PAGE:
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British Expats: Most Popular Destinations Revealed

British Expats: Most Popular Destinations Revealed

New data from the Office for National Statistics (ONS) reveals 69% of British citizens living in the European Union are based in Spain, France and Portugal.
Age & Gender Breakdown

Two thirds (66%) of the 784,900 British citizens living in EU nations in 2017 were aged 15 to 64. Around 26% were aged 65 and over, while the remainder were aged under 15 years.


The highest proportion of British expats in the EU aged 15 to 64 lived in Finland and the Czech Republic, with figures standing at 88% and 87% respectively. The highest proportion of British expats in the EU aged 65 and over lived in Spain and Portugal.

Interestingly, the numbers also revealed that more British men live in the EU than woman (53% vs. 47%). The gender disparity is most noticeable in Lithuania, where 85% of the British population is male.


Europe ousted by long haul destinations

While the EU is a firm favourite with British expats, it’s not number one in popularity. With distance not being a concern far-flung destinations are also within their scope. Australia and New Zealand are top of list, with 33% of all British born emigrants living outside the UK in 2017 settling on the other side of the world.


Some 28% lived in the US or Canada and 26% lived in the EU, of which 6% resided in Ireland. ONS deputy director of migration statistics, Jay Lindop said, “Spain continues to be the most desirable location for the three quarters of a million Brits living in the EU.”


“However, the EU as a whole is not the most popular destination for British expats, with more than half preferring to live in English speaking countries such as Australia, New Zealand, US and Canada.”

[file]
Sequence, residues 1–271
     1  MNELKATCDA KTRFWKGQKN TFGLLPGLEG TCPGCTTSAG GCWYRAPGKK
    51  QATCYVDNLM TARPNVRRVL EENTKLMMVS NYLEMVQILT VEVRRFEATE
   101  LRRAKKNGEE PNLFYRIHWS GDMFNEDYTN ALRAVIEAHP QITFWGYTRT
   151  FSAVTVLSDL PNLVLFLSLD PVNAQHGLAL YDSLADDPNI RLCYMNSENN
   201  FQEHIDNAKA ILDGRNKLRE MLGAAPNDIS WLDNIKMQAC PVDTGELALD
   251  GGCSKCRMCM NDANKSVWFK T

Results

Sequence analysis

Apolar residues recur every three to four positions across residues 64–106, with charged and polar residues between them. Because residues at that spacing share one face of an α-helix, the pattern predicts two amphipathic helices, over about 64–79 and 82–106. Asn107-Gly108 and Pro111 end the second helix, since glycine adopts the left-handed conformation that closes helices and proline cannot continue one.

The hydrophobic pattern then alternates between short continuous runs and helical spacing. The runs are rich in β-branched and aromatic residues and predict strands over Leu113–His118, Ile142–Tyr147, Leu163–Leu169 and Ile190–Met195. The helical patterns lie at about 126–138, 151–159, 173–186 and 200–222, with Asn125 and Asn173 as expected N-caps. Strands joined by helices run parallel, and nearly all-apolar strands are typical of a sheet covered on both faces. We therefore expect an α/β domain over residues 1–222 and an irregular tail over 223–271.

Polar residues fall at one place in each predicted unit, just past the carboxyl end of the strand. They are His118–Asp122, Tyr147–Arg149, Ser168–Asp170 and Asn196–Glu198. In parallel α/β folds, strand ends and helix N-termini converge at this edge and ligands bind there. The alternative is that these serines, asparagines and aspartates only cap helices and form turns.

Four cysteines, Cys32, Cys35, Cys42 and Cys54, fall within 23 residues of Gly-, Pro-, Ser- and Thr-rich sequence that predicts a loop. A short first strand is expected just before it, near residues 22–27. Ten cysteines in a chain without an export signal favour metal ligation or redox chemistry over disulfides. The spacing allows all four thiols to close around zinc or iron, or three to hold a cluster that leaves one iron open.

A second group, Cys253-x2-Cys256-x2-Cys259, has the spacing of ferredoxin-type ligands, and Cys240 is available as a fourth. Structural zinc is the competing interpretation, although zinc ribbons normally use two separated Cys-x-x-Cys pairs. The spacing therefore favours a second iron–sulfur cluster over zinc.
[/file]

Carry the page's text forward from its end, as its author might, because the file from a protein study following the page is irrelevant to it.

Where do Brits retire abroad?

The study also showed that large numbers of British citizens leave Britain in their retirement years, trading the UK for warmer southern European countries. More Brits retired to Spain than any other country, with 41% of British expats aged 65 and over relocating to its sunny costas and inland mountain retreats.


Portugal wasn’t far behind (39%), while other countries with a high proportion of Brits aged 65 and over included Bulgaria, Cyprus and Malta. Why do so many people retire in Spain? A separate survey by global expat network InterNations found that living costs in Spain are around 20% cheaper than the UK, helping to make pensions go further. Living costs are also comparatively low in Portugal and Bulgaria.


Portugal’s advantages tend to be lesser known, their Non-Habitual Residency programme (NHR), Golden Visa, inheritance, and other incentive programs are however increasingly attracting more British and foreign residents. The NHR program for example, introduced in 2009, can exempt foreigners who reside in Portugal from paying tax on most forms of overseas income, including pensions, for a period of ten years. Imagine a ten year tax break?!